LATE in October last year when Zanu PF was burning from strife generated by the power struggles fomented by its internal vote, we warned that political violence was taking root in the country and could easily escalate as we head towards general elections.
Our fears have since been vindicated by the latest developments in the political trenches where a precious life was lost and several people injured recently when Zanu PF supporters stormed a Citizens Coalition for Change campaign rally in Kwekwe.
What is of concern is the sharp rise in cases of violence in all areas where by-elections are due.
It is also disheartening that despite escalating incidents of violence, the main political leaders continue to turn a blind eye to the scourge which could easily degenerate into civil strife if left to fester.
We all understand the importance of these by-elections as they serve as a dry run for all major parties ahead of next year’s general elections. But it’s up to politicians, particularly the governing party to discard this culture of violence and ensure a peaceful environment prevails in the run-up to the election.
It is not difficult to understand why violence persists in Zimbabwean politics, especially when Zanu PF feels its political hegemony is being threatened by Nelson Chamisa’s CCC.
Here is what Vice-President Constantino Chiwenga, a former military commander, said at President Emmerson Mnangagwa’s home-coming rally in Kwekwe recently: “I have heard others here saying down with triple C, let me assure you that there is nothing it can achieve, you see how we crush lice with a stone.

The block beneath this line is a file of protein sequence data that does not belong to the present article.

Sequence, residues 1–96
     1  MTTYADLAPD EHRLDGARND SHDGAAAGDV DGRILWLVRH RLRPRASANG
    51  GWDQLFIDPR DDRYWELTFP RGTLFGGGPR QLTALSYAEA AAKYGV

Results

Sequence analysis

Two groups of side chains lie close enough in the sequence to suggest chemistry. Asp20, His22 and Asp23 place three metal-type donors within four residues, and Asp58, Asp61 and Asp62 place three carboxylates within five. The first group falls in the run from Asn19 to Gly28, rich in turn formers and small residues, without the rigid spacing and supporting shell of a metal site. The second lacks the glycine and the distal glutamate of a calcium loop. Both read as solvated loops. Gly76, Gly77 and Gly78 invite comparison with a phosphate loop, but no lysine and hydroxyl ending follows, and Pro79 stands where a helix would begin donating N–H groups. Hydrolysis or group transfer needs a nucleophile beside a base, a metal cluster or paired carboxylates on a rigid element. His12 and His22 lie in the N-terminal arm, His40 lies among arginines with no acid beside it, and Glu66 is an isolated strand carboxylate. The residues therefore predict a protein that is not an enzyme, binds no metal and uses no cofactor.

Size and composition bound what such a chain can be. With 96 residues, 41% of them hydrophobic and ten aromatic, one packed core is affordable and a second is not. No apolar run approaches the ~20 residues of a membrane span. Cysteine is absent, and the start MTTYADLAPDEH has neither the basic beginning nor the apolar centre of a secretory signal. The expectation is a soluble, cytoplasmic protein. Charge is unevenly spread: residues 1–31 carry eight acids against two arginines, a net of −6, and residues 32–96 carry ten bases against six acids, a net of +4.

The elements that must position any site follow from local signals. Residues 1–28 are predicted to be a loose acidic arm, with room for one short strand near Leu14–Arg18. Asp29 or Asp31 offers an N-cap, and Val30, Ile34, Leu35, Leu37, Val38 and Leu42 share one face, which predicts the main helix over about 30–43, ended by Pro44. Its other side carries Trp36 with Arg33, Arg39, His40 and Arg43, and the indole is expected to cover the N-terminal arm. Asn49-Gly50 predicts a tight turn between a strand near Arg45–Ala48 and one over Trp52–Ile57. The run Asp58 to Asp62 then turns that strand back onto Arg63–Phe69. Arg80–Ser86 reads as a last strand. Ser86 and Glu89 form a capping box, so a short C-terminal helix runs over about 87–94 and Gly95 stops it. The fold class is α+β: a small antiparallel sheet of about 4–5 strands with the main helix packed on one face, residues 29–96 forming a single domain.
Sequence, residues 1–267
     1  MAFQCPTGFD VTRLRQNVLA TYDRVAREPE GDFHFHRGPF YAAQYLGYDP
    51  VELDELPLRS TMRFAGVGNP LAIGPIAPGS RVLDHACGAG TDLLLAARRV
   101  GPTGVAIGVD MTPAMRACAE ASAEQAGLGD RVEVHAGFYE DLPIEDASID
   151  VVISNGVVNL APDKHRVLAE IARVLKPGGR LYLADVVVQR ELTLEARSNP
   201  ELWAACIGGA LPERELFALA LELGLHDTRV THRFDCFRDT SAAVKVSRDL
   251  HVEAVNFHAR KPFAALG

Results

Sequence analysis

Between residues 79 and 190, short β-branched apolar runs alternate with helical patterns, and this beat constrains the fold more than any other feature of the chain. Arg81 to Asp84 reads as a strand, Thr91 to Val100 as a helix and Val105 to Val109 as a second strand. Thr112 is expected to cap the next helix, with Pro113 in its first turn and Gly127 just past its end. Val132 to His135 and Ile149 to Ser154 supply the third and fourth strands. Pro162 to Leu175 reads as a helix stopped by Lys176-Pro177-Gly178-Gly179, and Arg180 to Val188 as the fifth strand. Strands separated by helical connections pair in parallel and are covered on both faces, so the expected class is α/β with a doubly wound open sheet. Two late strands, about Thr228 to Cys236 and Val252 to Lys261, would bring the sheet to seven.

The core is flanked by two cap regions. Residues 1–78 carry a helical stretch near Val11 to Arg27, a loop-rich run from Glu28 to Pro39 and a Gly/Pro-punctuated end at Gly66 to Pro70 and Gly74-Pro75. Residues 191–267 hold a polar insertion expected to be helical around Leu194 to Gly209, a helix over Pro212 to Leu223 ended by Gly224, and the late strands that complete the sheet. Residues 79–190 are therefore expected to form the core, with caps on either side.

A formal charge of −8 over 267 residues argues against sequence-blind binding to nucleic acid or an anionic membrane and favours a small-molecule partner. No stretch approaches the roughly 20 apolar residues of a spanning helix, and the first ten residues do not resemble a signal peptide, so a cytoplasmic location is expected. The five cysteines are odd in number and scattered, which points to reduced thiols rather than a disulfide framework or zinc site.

“You put it on a flat stone and then flatten it to the extent that even flies will not make a meal out of it.”
While he was speaking, the police were busy teargassing opposition CCC supporters in Gokwe to stop Chamisa from holding a campaign rally at the centre.
It is the height of irresponsibility for a government leader to describe people, even if they are rivals, as lice. Mnangagwa failed to rebuke his colleague despite the danger such hate speech posed to the lives of people he is supposed to be leading.
That is comparable to former Rwanda politician, Leon Mugesera, who described Tutsis as “cockroaches” and called for their extermination. His incendiary speech against the Tutsi minority in 1994 led to 800 000 people being killed in a genocide.
Overall, It is incumbent upon Mnangagwa and Chamisa to rein in their supporters and avoid a bloodbath. Zimbabweans are tired of disputed elections, thus Mnangagwa and Chamisa owe it to the nation to ensure that elections are conducted in a peaceful manner.
After the violence that has become synonymous with elections in Zimbabwe and the lessons learnt from the experience over the years, we expect elections to be conducted in a violence-free environment because we have come of age.
We expect mature leadership from all those leading our political parties and this starts and ends with both Mnangagwa and Chamisa.